Outlook Who would be a clothing retailer just now? Bad enough that the high street is right in the eye of the coming storm of the squeeze on consumer incomes, but retailers are also having to cope with surging input prices.
New Look said yesterday that it expected to have to raise its prices by 8 per cent next year because of those higher costs – chiefly a sharp increase in the cost of cotton. It was exactly the same figure as Next used in its most recent update. On top of these numbers, you have to add in the extra 2.5 percentage points of VAT customers will be paying from January onwards.
The worry for New Look and the rest is not that customers won't be willing to pay up, but that they won't be able to. As the effects of the Government's austerity package begin to be felt – caps on public sector pay, higher taxes, rising joblessness – the number of shoppers able to pay retailers' higher prices is bound to fall.
The last six months has been something of a phoney war, with plenty of talk about austerity, but not so much action. Retail spending has thus been resilient. But people know what lies ahead: the Nationwide Consumer Confidence Index has fallen in five of the last six months: the latest data, published today, puts the yardstick at its most downbeat for two years.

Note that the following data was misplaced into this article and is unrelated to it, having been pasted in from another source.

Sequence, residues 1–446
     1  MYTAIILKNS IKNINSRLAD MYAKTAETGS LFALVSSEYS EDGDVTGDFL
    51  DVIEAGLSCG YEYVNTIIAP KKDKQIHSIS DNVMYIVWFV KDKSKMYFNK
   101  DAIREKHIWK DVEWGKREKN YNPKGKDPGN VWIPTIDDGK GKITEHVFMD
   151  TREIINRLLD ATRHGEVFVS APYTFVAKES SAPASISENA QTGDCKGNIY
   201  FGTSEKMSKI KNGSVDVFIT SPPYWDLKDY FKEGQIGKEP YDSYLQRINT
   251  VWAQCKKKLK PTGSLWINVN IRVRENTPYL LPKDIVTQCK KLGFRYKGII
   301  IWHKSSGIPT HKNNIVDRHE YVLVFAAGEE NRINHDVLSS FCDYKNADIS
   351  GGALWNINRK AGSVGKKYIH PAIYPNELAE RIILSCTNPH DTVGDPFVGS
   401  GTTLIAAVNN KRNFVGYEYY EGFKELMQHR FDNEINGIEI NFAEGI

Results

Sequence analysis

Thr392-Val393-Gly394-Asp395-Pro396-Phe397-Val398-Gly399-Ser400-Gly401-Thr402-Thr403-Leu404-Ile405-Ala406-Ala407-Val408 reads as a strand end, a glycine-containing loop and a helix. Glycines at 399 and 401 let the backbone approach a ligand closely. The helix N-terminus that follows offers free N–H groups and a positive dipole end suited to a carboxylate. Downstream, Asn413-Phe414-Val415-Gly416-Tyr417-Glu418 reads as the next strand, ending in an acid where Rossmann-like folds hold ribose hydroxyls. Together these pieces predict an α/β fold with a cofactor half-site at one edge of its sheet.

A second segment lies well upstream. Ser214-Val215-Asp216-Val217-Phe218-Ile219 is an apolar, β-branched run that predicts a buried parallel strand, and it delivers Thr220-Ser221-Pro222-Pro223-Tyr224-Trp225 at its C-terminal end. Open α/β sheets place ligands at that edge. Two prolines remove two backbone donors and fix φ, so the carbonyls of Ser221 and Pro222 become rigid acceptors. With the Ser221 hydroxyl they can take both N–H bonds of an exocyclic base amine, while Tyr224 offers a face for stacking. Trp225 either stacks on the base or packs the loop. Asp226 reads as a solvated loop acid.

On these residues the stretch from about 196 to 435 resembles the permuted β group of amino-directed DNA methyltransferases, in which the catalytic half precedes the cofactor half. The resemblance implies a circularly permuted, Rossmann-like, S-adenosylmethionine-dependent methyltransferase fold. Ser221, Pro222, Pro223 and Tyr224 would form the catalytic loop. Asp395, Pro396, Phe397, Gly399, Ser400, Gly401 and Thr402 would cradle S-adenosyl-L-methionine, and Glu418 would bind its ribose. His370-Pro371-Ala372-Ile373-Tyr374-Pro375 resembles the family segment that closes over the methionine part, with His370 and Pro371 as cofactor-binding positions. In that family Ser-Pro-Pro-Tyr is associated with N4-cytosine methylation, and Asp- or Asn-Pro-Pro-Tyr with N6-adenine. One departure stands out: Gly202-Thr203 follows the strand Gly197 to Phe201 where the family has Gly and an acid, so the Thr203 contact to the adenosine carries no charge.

The inevitable consequence is an erosion in retailers' margins. Indeed, Primark has begun seeking to make a virtue out of necessity, promising to take higher costs on the chin to remain a market leader on price.
Judging from the comments of New Look, Next and others, many retailers do not feel so comfortable with swallowing the painReuse content